Over half of 78 US medical schools studied had reported cases of students posting unprofessional content online.

One in 10 of these contained frank violations of patient confidentiality.

Most were blogs, including one on Facebook, containing enough clinical detail that patients could potentially be identified.

Click on this link for the full article.


SAN DIEGO – College students who use Facebook spend less time studying and have lower grade point averages than students who have not signed up for the social networking website, according to a pilot study at one university.

However, more than three-quarters of Facebook users claimed that their use of the social networking site didn’t interfere with their studies.

“We can’t say that use of Facebook leads to lower grades and less studying – but we did find a relationship there,” said Aryn Karpinski, co-author of the study and a doctoral student in education at Ohio State University.

Click on this link to read the whole article

Making Facebook accessible

Thanks to Twitter I caught this link from Will Wade, thanks Will!

Carl Augusto is the President and CEO of the American Foundation for the Blind, a U.S.-based non-profit organization that expands possibilities for people with vision loss. One of AFB’s priorities is broadening access to technology, and AFB is working together with Facebook to make the site more accessible and user-friendly for people who are blind or visually impaired.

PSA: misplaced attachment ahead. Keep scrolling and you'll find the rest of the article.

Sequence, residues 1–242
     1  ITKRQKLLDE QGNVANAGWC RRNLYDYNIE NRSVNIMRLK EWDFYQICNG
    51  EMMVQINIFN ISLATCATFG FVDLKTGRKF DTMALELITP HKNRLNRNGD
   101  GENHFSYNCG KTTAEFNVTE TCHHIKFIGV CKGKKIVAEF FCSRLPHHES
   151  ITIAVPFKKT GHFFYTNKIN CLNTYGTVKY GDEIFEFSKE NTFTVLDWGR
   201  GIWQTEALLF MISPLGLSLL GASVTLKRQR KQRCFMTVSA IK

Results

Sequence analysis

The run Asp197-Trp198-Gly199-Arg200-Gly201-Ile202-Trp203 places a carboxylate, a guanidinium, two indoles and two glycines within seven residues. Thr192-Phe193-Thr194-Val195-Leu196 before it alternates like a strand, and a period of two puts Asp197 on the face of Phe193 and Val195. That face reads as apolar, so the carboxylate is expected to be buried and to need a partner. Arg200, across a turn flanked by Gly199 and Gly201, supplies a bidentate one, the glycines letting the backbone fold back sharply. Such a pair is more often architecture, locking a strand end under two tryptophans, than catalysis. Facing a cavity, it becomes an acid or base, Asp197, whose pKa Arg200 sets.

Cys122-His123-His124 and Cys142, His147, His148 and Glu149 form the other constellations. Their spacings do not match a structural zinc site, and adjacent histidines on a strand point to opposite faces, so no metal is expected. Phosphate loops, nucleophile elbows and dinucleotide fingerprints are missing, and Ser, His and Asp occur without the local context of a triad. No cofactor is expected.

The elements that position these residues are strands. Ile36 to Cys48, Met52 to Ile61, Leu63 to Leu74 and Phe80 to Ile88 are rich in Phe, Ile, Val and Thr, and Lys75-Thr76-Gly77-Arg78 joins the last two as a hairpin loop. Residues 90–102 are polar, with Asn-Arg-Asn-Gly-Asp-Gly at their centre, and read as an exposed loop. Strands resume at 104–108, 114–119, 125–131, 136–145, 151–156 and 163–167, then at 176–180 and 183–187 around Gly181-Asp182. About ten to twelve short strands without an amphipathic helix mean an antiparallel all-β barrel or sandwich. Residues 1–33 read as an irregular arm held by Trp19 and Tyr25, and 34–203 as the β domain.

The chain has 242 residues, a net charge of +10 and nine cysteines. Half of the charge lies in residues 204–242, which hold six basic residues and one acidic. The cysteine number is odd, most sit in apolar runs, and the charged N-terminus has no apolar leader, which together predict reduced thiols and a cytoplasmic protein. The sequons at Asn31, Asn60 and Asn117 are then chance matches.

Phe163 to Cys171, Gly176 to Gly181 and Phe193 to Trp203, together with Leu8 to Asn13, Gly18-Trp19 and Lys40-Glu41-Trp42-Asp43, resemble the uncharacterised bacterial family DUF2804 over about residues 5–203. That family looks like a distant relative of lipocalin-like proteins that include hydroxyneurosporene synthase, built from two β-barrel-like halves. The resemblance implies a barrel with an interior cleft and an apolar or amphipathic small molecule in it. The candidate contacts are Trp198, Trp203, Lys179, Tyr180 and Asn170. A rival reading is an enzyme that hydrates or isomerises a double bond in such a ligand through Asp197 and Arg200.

See this link for the full story

Occupational therapy groups on facebook

There is a rapidly growing number of OT groups on Facebook, that are both serious and social. Over the next few days I’m going to find them and list them here.

This is a snapshot of what’s happening in this corner of the Web 2.0 world for our profession.

I’ll list if it is an open or closed group, I’ll also highlight student groups too. The bottom list is those groups that I believe are unprofessional.

Professional Networking Groups

American Occupational Therapy Association: open group
Collaborating and sharing ideas with other occupational therapists: open group
Darwin OT: open to Australian networks
Bored Of Fluffy Occupational Therapy: open group
Facebook Occupational Therapy Association: open group
Health, Physical Educators, Exercise Science, PT, OT, and Nurses: open interdisciplinary student networking group
Hong Kong Occupational Therapy: closed group
I’m an occupational therapist/OT student and I have something to say!: open group
I’m tired of having to explain what occupational therapy is: open group
Is OT Worthwhile?: open group
I’ve worked at St Thomas’/Guys as an OT!!!: open group
Los Angeles OT Leadership Forum: open group
Occupational Therapists (OTs) for Refugees: open group